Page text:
Citizens of Ohio Town Unleash Rage on Area Hoteliers That Is Normally Reserved for H&R Block Employees
So this happened:
An Ohio hotel has been fending off angry phone calls because a broken rope on its flagpole led some to think the business was mourning the death of Osama bin Laden. The rope left the U.S. flag stuck at half-staff outside a Hampton Inn in Springfield in western Ohio two days before bin Laden was killed, its assistant general manager Connie Smith told msnbc.com. However, people started noticing the flag and assuming its position was in honor of bin Laden on Tuesday. The hotel and its company received dozens of calls from people who were either upset or angry. One threatened to run the hoteliers out of town.
Ohio hotel: Half-staff U.S. flag not mourning bin Laden [MSNBC]
Earlier: Today in Tax-Related Violence: Man Shoots at H&R Block Employee for a Mistake on His Tax Return
Area Man Steals Car After Learning About His Brother’s Crappy Tax Refund
Allegedly! Knowing the city of Lincoln, Nebraska like we do, it’s entirely possible that these two bros were simply still not over the Husker football team’s dismal display in the last two games of the season and this shitty refund was simply the kernel that busted the storage bin.
Lincoln police said one man was arrested after he refused to leave H&R Block when he became upset with his tax refund. And the man’s brother is accused of stealing an employee’s vehicle, according to police.
Authorities were called when Joshua Brown, 26, refused to leave the H&R Block on O Street. They said he was upset with his refund and insisted on talking with all the tax professionals in the building. Officers said they removed him from the property and cited him for trespassing and fail to disperse.
A half-hour later, officers said they were called back to the same business regarding a stolen Ford Explorer. An employee found her car and keys missing, police said.
Officers said Brown was inside the business with his brother, 31-year-old Michael Medina. Police said they found the Ford Explorer in the parking lot across from the brothers’ apartment on 10th Street. Police said Medina was arrested on auto theft charges.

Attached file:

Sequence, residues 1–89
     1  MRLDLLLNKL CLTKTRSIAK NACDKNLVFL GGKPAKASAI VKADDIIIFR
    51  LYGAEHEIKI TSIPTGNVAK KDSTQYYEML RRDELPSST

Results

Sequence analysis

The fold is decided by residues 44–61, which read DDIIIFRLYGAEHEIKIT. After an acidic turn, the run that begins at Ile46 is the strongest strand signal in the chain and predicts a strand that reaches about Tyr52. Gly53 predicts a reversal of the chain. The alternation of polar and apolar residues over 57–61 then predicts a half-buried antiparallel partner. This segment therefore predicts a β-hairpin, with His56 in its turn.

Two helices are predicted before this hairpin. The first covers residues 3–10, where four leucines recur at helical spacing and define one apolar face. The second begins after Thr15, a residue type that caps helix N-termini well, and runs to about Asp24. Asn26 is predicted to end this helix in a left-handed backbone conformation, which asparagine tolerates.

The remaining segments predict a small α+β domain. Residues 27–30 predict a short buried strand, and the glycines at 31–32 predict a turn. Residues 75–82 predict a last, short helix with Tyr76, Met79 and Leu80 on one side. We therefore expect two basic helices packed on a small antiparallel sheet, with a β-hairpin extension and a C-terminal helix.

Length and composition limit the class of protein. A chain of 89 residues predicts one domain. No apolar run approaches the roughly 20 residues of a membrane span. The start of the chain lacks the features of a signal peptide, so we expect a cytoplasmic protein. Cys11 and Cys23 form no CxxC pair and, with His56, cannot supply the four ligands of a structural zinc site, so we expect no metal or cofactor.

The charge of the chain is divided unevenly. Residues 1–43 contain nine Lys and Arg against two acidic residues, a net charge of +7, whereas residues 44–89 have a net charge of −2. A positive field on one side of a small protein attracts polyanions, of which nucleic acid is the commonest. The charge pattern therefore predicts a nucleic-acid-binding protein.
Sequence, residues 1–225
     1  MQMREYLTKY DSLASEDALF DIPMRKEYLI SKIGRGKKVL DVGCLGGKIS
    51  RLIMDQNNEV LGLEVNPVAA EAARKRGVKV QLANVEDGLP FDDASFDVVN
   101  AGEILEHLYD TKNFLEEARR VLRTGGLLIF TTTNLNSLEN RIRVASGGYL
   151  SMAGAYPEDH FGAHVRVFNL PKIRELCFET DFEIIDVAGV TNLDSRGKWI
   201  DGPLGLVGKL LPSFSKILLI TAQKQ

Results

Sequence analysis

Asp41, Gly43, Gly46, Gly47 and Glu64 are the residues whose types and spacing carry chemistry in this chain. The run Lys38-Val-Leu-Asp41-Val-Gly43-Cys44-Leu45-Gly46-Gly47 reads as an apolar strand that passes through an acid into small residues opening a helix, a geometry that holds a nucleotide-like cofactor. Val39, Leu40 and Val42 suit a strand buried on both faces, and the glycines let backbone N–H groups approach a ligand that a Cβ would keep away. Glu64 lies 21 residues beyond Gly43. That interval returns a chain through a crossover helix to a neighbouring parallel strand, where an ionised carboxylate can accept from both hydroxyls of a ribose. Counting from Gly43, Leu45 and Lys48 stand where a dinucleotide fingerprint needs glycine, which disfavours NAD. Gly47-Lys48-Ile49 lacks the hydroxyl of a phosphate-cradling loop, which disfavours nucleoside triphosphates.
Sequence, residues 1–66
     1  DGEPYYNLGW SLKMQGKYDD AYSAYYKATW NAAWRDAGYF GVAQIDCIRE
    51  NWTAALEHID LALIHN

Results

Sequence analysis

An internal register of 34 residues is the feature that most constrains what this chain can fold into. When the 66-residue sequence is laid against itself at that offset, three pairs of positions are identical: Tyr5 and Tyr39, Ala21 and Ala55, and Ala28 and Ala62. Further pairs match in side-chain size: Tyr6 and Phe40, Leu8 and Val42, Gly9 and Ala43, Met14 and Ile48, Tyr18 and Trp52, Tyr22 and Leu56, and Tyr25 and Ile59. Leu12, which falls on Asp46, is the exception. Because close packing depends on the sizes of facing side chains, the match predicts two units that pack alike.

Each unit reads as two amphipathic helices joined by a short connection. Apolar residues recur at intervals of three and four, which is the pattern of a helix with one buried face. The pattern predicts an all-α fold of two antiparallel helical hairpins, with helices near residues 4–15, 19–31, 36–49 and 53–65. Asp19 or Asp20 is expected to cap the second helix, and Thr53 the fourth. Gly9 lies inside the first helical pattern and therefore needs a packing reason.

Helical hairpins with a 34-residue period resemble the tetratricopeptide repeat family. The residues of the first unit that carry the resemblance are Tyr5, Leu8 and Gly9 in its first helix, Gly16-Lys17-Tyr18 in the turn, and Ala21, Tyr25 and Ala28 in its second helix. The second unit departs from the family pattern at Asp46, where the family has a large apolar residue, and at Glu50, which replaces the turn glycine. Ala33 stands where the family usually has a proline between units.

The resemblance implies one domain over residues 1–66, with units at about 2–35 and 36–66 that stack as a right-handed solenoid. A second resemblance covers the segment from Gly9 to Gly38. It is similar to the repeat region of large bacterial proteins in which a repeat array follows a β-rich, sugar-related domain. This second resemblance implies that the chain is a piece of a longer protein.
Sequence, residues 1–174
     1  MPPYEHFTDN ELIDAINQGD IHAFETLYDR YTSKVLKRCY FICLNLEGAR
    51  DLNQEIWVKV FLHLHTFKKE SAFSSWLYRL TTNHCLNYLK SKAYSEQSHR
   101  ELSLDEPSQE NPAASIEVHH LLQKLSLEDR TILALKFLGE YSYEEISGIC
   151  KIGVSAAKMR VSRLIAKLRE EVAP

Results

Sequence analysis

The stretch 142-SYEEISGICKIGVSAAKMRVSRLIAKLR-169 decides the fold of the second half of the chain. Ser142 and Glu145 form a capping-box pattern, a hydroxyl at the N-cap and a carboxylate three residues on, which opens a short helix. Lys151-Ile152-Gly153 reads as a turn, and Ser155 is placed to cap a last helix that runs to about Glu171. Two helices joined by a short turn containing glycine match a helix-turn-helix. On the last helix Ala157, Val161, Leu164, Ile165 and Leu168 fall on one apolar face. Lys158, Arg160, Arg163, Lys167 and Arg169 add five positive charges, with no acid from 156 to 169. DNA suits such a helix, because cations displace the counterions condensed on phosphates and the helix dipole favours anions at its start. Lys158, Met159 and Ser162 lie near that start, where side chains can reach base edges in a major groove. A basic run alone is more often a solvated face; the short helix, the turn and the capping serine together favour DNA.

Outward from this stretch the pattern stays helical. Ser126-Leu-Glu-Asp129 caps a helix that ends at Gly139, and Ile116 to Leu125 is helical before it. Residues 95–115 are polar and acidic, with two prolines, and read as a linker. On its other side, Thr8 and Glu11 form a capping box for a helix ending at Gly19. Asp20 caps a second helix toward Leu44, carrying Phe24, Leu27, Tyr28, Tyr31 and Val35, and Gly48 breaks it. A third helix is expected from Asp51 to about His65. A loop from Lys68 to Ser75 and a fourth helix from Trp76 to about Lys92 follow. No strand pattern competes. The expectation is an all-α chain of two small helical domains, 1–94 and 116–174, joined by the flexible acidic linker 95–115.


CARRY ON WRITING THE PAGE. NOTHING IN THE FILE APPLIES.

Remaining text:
Police: Man Upset With Tax Refund, Brother Charged With Auto Theft [KETV]
Sirius CFO’s Subtle Suggestion That Howard Stern May Have to Take a Paycut Doesn’t Go Over So Well
Receiving news that you might be expected to earn less money would upset the most mild-mannered of Americans.
But if you’re the King of All Media and you hear through the grapevine that your company’s Chief Financial Officer says this: “At the time of the [Sirius and XM Radio ] merger we were in many long-term contracts. As they come up for renewal, we’ll have the opportunity to get more favorable economic terms there.”
You might react with the following:
“I am not taking a f—ing paycut,” Stern said. “Why would I have to take a paycut? … Who is this guy to say this in public?”
“I know what I have done in this company,” he said. “I am more important than Oprah, in this company anyway. Oprah’s out getting the Kennedy Center honor and I’ve got the CFO announcing to Wall Street that I have to take a paycut.”
“Nevermind getting respect from the industry,” Stern continued, “I want respect from the company.”
Which you might follow up with this:
“I am calling my agent today that want more f—ing money. I don’t want it perceived that I took a paycut,” Stern railed, disclosing that Frear got a raise in 2008, putting his annual salary at $3.3 million. “Where’s your paycut, David?”
To be fair – if you tell someone who makes 3% of what you’re pulling in to take a paycut, it may be time to get some perspective.
Howard Stern May Have to Take a Paycut [ABC News]
Howard Stern Slams Sirius CFO: ‘I’m Not Taking a F—ing Paycut’ [The Wrap]
The FASB Punts Repo Accounting to the SEC
It’s not surprising that FASB’s Bob Herz was called to submit comment on the House Financial Services Committee’s hearings on Lehman – more specifically, Public Policy Issues Raised by the Report of the Lehman Bankruptcy Examiner – and it’s even less surprising that Herz stated that the FASB will be ready when the SEC is to alter repo accounting rules should this be, you know, a big deal going forward.